Get our free email newsletter with just one click

Orpheus in the Underworld review at Bloomsbury Theatre, London – ‘flashes of comic brilliance’

Opera della Luna's Orpheus in the Underworld at Bloomsbury Theatre. Photo: Craig Fuller
by -

Jeff Clarke – artistic director of Opera della Luna, a company that turns 25 this year – is endlessly inventive. Just look at his treatment of Offenbach’s ‘galop infernal’, better known as the can-can. No high-kicking girls here, but four acrobatic male dancers, costumed as tousle-headed, tutued skeletons. After all, we are in Hell, as Paul Featherstone’s mournful John Styx, channelling David Cameron, reminds us with a merciless Brexit joke.

Though the script has clearly been revised since the production’s premiere in 2015, some other satirical glosses (such as referencing #MeToo) sound marginally past their sell-by date. Overall, the comic momentum is not purposeful enough to disguise the operetta’s haphazard structure. In a brilliant stroke, Public Opinion (Katharine Taylor-Jones) becomes an earnest Arts Council officer, but her final box-ticking triumph almost gets submerged in the show’s quick-and-dirty resolution.

The design is striking, especially the bordello-chic Hades, the sumptuous Second Empire costume for Euridice as Bacchante (Daire Halpin, spouting dizzy coloratura) and a red-coated, white-haired Diana the Huntress, who looks more like a Camilla (Lynsey Docherty, a mistress of body language). Most memorable of all is the moment on Olympus when the gods disrobe to statuesque foam-rubber nakedness.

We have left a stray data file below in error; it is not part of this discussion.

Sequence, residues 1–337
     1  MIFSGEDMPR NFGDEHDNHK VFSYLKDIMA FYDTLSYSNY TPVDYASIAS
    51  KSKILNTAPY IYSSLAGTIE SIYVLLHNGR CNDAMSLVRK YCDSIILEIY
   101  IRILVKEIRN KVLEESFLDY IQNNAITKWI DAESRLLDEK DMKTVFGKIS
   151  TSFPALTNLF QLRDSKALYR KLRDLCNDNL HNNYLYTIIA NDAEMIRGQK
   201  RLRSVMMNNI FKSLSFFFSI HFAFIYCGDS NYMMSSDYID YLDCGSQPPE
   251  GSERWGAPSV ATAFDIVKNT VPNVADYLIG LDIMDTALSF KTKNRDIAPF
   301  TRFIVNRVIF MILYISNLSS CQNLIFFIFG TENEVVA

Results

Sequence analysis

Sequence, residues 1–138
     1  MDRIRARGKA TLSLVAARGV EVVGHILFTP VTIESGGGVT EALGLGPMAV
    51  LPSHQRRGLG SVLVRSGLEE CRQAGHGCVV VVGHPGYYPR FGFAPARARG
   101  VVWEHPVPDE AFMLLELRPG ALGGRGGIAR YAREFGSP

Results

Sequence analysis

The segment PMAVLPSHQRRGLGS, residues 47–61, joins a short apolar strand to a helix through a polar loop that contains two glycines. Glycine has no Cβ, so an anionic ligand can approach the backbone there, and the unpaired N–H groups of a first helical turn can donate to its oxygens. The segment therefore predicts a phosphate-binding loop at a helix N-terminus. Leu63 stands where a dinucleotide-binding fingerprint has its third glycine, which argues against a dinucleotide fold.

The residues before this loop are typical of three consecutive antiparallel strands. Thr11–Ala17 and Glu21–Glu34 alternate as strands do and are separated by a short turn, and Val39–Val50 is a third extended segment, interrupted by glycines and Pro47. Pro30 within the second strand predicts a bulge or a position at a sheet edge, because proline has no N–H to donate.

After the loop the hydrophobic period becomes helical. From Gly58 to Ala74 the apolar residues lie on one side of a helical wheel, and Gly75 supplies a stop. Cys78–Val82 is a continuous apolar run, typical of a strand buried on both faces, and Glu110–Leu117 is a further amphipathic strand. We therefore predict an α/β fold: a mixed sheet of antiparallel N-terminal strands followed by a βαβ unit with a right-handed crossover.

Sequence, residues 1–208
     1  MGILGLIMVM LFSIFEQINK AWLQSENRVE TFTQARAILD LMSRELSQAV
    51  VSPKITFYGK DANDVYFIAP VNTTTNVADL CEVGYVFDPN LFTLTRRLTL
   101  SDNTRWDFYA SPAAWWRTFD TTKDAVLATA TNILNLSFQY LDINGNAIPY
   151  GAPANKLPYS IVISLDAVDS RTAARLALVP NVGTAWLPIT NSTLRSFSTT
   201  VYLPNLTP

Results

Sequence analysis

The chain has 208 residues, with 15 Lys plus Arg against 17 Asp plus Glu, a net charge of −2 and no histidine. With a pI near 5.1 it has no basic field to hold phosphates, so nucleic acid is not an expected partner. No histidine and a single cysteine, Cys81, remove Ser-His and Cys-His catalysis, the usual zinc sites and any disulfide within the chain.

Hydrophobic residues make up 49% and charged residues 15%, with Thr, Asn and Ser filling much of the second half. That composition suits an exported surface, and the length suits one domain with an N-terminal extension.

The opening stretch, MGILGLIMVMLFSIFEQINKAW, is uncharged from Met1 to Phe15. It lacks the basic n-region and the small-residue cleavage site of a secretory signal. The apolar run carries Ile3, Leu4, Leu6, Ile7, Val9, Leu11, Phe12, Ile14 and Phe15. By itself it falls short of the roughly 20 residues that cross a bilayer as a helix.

In the title role, Tristan Stocks, got up as Paganini, turns out to be a tenor who also plays the violin remarkably well. Dickon Gough’s sonorous, rather gentlemanly Jove is up against Anthony Flaum’s Pluto, a suave bounder who takes bold command of his music and the stage. The score bowls along in fine style under the baton of Toby Purser.

We need your help…

When you subscribe to The Stage, you’re investing in our journalism. And our journalism is invested in supporting theatre and the performing arts.

The Stage is a family business, operated by the same family since we were founded in 1880. We do not receive government funding. We are not owned by a large corporation. Our editorial is not dictated by ticket sales.

We are fully independent, but this means we rely on revenue from readers to survive.

Help us continue to report on great work across the UK, champion new talent and keep up our investigative journalism that holds the powerful to account. Your subscription helps ensure our journalism can continue.

Subscribers to The Stage get 10% off The Stage Tickets’ price
Despite flashes of comic brilliance, the anarchic energy of Offenbach’s extravaganza remains elusive